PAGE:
I don’t know why it took so long — perhaps out-sourcing the festive labours felt somehow like ‘cheating’, as though Christmas is only Christmas if you spend half the day staring anxiously at a trayful of stubbornly non-crisping potatoes. But, after engineering a family-wide agreement that we should try transplanting our Christmas to a Cotswolds hotel, I’m not sure I’ll ever return to the old ways again.
As far as propositions go, it’s a no-brainer: hotels are professionally equipped to look after anyone from two to 82; they have babysitters on tap and bedrooms to retreat to whenever you need to escape the melee. And generally, those bedrooms are better than the ones in your house (as far as Mr & Mrs Smith is concerned, you should never pay for a bedroom less inspiring than your own), and the catering team is inevitably more adept at manhandling a turkey than me and my 1982 Delia Smith cookbook (no offence, Delia — I’m the weak link in this partnership).
As we disgorge into the hotel, two by two, like animals into the Ark, we’re met with the scent of open fires and oven-fresh mince pies, and have hotel-made sloe gin pressed into our hands. We feel instantly at home, and find ourselves getting along famously — it’s that ideal vision of Christmas realised within 10 minutes of arrival. The other families who’ve twigged the festive hotel secret have brought along their kids, and soon the entire contingent of juniors is swapping stories of what Father Christmas will bring them, while the grown-ups sit back and relish the fact that — for the first time ever — we actually have a chance to talk to one another without one of us rushing off at a crucial point in the conversation to attend to a ferociously bleeping oven.
Here, we’re not enslaved by the wine-stained military-grade checklist of everything that needs to be done from 6am to 1pm; the grandparents can nip off for naps whenever they please — heck, so can we all, as we tag-team childcare under the gentle haze of Champagne cocktails, or make use of the kids’ club — which ours actually want to go to.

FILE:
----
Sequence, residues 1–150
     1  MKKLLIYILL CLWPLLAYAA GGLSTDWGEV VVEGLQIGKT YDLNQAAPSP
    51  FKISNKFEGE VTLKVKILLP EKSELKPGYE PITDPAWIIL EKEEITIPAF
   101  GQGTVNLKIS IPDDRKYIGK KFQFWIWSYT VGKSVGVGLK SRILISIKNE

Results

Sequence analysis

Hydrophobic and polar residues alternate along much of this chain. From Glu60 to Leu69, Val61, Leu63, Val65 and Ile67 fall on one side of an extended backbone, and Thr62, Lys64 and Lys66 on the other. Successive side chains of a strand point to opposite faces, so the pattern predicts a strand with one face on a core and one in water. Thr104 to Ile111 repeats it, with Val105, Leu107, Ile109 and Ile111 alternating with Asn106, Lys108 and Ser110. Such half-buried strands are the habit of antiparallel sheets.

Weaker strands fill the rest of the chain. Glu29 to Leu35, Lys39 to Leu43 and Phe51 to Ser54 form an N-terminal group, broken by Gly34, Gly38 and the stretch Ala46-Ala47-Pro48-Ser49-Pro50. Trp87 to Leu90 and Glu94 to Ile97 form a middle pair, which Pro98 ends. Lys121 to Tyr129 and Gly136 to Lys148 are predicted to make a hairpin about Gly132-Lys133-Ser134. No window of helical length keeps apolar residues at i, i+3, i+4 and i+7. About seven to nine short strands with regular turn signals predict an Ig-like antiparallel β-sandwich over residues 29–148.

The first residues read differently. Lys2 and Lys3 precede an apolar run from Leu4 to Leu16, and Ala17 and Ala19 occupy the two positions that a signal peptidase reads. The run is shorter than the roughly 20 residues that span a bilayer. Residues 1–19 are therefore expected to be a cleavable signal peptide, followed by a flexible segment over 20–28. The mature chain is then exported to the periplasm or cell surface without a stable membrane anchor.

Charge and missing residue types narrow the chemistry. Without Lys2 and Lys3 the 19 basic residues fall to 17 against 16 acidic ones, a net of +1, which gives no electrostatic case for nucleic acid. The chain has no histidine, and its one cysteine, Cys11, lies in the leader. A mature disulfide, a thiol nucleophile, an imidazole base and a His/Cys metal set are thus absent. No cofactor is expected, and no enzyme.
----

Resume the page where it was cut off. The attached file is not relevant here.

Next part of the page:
During our stay, the other guests become our extended family, and we’re reassured to see that every gathering is as dysfunctional as our own; some, thrillingly, even more so. (My father is beyond relieved to find one gentleman with three exes in attendance, as opposed to his paltry two.)
We find time for Christmas Eve carol singing and the all-important Boxing Day stroll, bookending a turkey lunch that’s served on time and with everything — everything — cooked as it should be. We really do live a sort of Dickensian Christmas dream — only with no mess to clear up and trips to the spa and dips in the pool thrown in.
Watching a sea of children and wrapping paper in the hotel lounge on Christmas morning, with kids excitedly showing and sharing their new toys before a roaring fire, I realised that Christmas really is best left to the professionals. I had this year’s booked by Boxing Day. The only downside is that my mother hasn’t had much reason to call me for the past eight months…